No doubt this will take a monumental effort. It is no small task to integrate technology into classroom instruction. At times it seems daunting, however we must remember the opportunity for our students far outweighs the cost for us. And if we stick together and help one another along the way, we just might find a few outliers sitting in the front row.

Wednesday, February 16, 2011

Thinking Constructively (about changing the status quo)

During Christmas Break my family and I were invited over to my parents' home for lunch with some of their friends. Unbeknownst to me, one of their friends, Mike, had spent over 40 years in education. Of those 40 plus years, he spent about 10 years in the classroom and the remainder in various leadership positions working with curriculum, instruction, and technology integration.

We "talked shop" for well over an hour, and I mostly just listened. Even though Mike had "retired three times in three different states" he was still full of passion for his profession and the changes he had worked so hard to make over the years.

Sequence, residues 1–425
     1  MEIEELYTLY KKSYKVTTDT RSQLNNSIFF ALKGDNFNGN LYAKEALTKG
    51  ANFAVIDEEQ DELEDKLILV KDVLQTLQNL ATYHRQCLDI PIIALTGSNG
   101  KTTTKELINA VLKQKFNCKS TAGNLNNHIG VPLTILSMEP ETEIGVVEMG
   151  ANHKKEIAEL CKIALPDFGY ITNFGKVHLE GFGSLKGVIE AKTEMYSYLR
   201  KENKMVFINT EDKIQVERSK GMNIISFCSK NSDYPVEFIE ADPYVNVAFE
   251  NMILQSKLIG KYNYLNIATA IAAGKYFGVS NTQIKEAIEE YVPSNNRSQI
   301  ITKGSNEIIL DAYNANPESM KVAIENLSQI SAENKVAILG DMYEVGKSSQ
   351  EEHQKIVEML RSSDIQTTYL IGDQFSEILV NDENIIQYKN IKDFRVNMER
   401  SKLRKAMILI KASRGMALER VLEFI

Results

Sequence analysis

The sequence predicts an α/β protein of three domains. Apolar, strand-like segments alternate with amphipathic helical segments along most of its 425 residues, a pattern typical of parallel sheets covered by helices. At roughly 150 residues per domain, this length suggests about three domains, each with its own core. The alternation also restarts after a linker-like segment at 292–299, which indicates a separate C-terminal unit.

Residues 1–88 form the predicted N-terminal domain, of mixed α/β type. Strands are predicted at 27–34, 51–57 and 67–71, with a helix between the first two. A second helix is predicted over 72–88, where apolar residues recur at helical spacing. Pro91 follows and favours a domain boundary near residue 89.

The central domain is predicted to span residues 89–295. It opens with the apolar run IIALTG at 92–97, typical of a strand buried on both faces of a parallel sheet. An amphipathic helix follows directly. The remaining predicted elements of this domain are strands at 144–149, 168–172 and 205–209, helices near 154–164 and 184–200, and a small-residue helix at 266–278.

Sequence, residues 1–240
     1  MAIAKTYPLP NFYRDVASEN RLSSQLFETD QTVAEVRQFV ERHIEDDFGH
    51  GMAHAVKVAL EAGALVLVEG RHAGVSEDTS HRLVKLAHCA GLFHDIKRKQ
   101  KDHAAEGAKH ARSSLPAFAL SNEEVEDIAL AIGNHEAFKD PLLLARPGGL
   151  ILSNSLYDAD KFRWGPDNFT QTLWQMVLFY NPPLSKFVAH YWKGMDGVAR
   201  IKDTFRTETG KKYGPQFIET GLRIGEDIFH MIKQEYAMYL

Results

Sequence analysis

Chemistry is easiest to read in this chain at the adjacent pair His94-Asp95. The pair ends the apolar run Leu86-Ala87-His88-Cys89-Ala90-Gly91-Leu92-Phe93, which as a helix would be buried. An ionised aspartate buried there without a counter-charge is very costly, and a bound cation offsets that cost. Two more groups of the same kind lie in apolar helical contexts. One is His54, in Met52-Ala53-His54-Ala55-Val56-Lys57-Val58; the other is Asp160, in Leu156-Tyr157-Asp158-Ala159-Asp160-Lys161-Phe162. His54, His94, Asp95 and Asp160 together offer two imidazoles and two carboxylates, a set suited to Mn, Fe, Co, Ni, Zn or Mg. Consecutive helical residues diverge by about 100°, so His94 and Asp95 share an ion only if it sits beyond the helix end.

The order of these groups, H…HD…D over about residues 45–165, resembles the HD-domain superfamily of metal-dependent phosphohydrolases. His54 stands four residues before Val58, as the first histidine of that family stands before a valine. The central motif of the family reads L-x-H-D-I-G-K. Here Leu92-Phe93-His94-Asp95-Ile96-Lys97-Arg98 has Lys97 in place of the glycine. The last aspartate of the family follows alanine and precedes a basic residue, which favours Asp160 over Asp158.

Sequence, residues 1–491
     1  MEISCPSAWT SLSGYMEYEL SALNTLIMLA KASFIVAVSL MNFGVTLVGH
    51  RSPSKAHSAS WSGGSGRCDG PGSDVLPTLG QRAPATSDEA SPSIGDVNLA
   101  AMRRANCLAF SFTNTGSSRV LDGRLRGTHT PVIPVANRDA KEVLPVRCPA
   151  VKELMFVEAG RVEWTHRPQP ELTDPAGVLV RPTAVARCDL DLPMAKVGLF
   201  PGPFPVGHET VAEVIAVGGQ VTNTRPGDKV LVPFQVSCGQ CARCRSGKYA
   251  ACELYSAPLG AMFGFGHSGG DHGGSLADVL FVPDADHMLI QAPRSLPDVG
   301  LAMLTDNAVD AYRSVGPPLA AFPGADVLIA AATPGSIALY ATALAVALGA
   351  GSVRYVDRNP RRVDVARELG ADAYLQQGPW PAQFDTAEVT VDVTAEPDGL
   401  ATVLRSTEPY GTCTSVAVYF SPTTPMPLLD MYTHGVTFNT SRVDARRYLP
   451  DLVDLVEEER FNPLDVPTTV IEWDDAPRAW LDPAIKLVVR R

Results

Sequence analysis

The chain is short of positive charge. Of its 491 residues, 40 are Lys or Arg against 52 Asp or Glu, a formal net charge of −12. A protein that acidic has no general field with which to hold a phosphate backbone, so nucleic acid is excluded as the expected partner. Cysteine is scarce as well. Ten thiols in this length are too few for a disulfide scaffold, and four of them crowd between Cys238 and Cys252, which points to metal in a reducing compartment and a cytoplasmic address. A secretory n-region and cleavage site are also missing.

Somewhere during the conversation I mentioned that I had completed an independent study on constructivism a number of years ago. Mike's face lit up.

"Did you know that constructivism has been around for over 30 years?" he asked.

"So why do you think it has taken so long to catch on despite research to support its effectiveness?" I replied.

Without hesitation Mike replied, "constructivism is a student-centered approach to learning. The teaching profession is and has been teacher-centered. That's the status quo. Changing the status quo is difficult."

I've spent the past month pondering the idea of changing the status quo.

I was first introduced to the idea of inquiry (a constructivist teaching practice) a decade ago by the Building Science Leaders program at the Regional Math and Science Center. Over the past ten years as I've experimented with moving towards a more student-centered classroom I've had many successes, and just as many failures. I know it is working well when my students are excited, engaged, and motivated to learn, to prove, to share their learning.